This volume, honoring the renowned historian of science, Allen G Debus, explores ideas of science - `experiences of nature' - from within a historiographical tradition that Debus has done much to define. As his work shows, the sciences do not develop exclusively as a result of a progressive and inexorable logic of discovery. A wide variety of extra-scientific factors, deriving from changing intellectual contexts and differing social millieus, play crucial roles in the overall development of scientific thought. These essays represent case studies in a broad range of scientific settings - from sixteenth-century astronomy and medicine, through nineteenth-century biology and mathematics, to the social sciences in the twentieth-century - that show the impact of both social settings and the cross-fertilization of ideas on the formation of science. Aimed at a general audience interested in the history of science, this book closes with Debus's personal perspective on the development of the field.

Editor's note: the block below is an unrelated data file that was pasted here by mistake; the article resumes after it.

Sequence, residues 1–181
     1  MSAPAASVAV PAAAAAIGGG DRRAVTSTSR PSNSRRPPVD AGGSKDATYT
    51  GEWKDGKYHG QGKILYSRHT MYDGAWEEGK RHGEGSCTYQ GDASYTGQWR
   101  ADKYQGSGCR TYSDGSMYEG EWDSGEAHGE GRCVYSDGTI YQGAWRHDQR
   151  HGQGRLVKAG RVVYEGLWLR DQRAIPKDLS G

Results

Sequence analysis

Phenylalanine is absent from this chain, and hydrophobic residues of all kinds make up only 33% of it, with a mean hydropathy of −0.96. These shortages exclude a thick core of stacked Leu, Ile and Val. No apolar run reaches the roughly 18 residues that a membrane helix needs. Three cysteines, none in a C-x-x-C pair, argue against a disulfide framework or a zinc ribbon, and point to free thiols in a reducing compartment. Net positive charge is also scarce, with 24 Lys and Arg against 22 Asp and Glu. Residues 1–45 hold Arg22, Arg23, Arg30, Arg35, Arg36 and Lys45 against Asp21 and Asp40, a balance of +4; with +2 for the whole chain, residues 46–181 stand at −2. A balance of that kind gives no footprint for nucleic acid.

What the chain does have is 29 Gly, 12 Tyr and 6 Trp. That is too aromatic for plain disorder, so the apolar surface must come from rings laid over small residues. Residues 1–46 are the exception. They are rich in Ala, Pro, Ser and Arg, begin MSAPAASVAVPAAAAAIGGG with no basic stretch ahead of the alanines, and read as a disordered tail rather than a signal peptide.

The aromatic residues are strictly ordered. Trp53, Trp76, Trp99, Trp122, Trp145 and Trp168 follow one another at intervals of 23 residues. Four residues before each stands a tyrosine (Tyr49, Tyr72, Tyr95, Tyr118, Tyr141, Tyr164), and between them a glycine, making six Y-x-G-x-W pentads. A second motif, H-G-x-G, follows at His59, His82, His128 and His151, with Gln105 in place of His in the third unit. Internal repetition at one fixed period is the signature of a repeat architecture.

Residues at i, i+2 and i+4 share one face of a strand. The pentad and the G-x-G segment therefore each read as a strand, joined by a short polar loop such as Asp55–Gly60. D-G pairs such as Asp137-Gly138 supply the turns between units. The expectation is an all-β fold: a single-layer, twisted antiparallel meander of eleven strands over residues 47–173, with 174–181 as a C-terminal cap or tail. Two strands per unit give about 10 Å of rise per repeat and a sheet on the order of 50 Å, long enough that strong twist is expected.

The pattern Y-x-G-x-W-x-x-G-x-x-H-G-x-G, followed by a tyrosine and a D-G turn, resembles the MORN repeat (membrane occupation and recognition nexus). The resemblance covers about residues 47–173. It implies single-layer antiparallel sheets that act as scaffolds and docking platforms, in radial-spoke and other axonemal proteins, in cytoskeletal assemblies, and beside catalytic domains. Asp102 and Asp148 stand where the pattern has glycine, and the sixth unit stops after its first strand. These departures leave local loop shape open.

As explained by a Doctor of the Church, St Alphonsus M Liguori, CSSR. The Exercise of a Retreat 4Advantages of the Spiritual Exercises Made in RetreatLetter to a Young Man Who is Deliberating on the Choice of a State of Life 4Hymn: Invitation to Solitude 19Meditations for a Private Retreat of Eight Days 20Introduction 20The Importance of Salvation 22The Vanity of the World 29Our Journey to Eternity 36Sin 44Death 51Judgment 61Remorse of the Christians in Hell 67Love for Jesus Crucified 72Hymn: To God the Creator 76Various Practices 77Rules for Leading a Good Life 77Devout Acts to be Made Every Day 79Spiritual Maxims for a Christian 81An Epitome of the Virtues of Which the Christian Soul that Desires to Lead a Perfect Life and Become a Saint Should Exercise Itself 85Appendix 101 The Manner of Making a Retreat 101